Other [chapters] of this exhibition include two rooms exploring the rural utopia, the religious, the spiritual and ritualistic through a historic and joyous plethora of artefacts; featuring exquisite tiny Samuel Palmer prints to work by William Blake and John Ruskin. A Kate Greenaway study of rock, moss and ivy and drawings by Beatrix Potter remind visitors of how their published illustrations helped educate and inspire an interest in the natural world. They are a treat to spot in a room nearly bursting with work by Henry Moore, David Nash and Kurt Schwitters to name a few! There is a Grayson Perry print (because he’s everywhere!) hung above a door, too high to see and two excellent photographic works by Paul McCarthy, ‘Use a Shovel to Throw Dirt in the Air’ and Roni Horn's, ‘Becoming a Landscape’ that document a performance or moment-in-time. The art in these rooms generates conversations through the sheer variety and on-going obsession artists have had in depicting how we relate to earth, not only in reproductions/descriptions of it, but crucially how art has evolved to make work that reflects the  philosophical idea of being of and in the land. None more so, is this present and grounded than in the farm tools hung throughout the entire exhibition, donated by Richard Hollingberry. I salute you!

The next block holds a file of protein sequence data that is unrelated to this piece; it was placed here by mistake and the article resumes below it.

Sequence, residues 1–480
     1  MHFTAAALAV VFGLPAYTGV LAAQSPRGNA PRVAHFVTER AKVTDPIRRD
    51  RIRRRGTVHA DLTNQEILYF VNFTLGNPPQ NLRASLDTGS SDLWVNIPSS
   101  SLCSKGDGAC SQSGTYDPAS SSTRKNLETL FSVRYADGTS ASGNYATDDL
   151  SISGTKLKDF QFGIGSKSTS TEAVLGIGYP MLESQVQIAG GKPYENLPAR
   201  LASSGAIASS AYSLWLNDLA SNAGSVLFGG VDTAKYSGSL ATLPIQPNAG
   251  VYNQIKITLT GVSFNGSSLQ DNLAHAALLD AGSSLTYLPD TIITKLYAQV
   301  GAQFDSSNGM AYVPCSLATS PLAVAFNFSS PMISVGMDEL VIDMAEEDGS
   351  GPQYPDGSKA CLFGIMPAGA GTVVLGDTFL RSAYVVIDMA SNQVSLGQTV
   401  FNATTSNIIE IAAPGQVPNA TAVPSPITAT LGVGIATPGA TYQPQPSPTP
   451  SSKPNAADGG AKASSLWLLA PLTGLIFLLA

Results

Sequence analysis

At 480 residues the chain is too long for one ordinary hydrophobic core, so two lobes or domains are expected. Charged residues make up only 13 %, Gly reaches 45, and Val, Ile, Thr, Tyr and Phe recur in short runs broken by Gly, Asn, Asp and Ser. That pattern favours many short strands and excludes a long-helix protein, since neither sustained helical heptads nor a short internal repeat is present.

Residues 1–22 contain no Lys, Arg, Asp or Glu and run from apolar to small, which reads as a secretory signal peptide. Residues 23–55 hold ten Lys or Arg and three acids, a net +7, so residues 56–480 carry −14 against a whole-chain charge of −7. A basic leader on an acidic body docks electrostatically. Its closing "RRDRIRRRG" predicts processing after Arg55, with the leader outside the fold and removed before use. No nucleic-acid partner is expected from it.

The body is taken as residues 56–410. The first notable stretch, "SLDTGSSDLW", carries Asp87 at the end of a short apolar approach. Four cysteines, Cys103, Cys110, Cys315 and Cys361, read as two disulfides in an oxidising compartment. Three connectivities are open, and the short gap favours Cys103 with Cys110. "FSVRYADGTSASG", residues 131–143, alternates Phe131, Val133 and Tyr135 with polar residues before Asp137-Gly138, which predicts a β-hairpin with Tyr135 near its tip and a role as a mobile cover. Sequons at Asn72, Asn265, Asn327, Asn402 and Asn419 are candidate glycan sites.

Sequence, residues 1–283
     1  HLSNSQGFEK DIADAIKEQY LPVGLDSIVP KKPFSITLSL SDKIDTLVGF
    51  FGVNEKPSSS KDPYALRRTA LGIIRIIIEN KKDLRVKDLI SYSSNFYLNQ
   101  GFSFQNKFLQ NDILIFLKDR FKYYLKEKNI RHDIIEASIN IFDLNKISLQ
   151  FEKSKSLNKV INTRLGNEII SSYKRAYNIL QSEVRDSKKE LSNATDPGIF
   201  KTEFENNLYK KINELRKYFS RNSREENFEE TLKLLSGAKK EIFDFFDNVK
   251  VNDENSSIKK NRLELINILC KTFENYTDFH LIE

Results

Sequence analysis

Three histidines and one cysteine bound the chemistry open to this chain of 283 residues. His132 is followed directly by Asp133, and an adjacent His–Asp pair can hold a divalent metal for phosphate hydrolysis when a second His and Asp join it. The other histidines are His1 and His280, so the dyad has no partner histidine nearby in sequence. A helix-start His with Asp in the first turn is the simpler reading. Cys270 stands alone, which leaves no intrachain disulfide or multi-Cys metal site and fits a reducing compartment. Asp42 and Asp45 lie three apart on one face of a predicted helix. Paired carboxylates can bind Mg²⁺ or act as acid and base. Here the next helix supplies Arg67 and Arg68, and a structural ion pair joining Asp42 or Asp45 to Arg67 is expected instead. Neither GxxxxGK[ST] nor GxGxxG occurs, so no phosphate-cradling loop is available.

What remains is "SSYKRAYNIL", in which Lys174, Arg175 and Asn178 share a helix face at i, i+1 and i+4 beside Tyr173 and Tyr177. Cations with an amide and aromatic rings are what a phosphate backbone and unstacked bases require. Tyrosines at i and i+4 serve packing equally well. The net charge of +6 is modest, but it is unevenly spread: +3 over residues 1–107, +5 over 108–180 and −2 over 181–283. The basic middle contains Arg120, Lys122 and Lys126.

Nikolaus Geyrhalter ‘Our Daily Bread’ [2005] Dvd.
One of the more powerful rooms is the darkened Rhoades Gallery in which a film projection titled, ‘Our Daily Bread’ [2005] by Nikolaus Greyhalter dominates showing scenes of food production; from the heavily mechanised more gentle crop-harvesting to the graphic slaughter of cattle and chickens in an abattoir. For vegetarians and meat-eaters alike, it is highly emotive and likely to cause much debate and possible controversy in its harsh, but starkly honest, documentation. Before it, lies a banquet of art works on a table, reminiscent for me of Hestercombe Gallery’s, Buffet d’art’ [June 2017] in which a host of artist’s make table and/or food-based work to be metaphorically consumed by the viewer. The theme for this room of, ‘transformation, transition and transubstantiation’ presents work that is largely about food production and consumption. Giuseppe Arcimboldo’s, ‘The Four Seasons’ feel oddly at home here, their message of ‘you are what you eat’ and slightly sinister, strangeness alongside a mountain of decaying compost and Karen Guthrie’s 'House of Ferment' [2016] act as a reminder of the cyclical-nature of our relationship with food. Marcus Coates’Anchorhold’ [2015] offers a more spiritual and contemplative form of transformation through a performance inside an architecturally bespoke, apple-store in which participants are invited to eat an apple and address the artist, ‘As the Apple Service Provider’ with a question[conversations of which will later be played as audio in the space].